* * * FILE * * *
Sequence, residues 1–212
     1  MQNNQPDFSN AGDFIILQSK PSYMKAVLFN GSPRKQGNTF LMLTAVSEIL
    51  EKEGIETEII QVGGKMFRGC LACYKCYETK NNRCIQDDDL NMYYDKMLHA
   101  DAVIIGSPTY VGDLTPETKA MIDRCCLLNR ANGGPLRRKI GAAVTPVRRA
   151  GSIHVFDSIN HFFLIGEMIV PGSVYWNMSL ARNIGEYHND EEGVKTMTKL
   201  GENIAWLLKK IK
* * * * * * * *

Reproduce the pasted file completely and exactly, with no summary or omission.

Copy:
Sequence, residues 1–212
     1  MQNNQPDFSN AGDFIILQSK PSYMKAVLFN GSPRKQGNTF LMLTAVSEIL
    51  EKEGIETEII QVGGKMFRGC LACYKCYETK NNRCIQDDDL NMYYDKMLHA
   101  DAVIIGSPTY VGDLTPETKA MIDRCCLLNR ANGGPLRRKI GAAVTPVRRA
   151  GSIHVFDSIN HFFLIGEMIV PGSVYWNMSL ARNIGEYHND EEGVKTMTKL
   201  GENIAWLLKK IK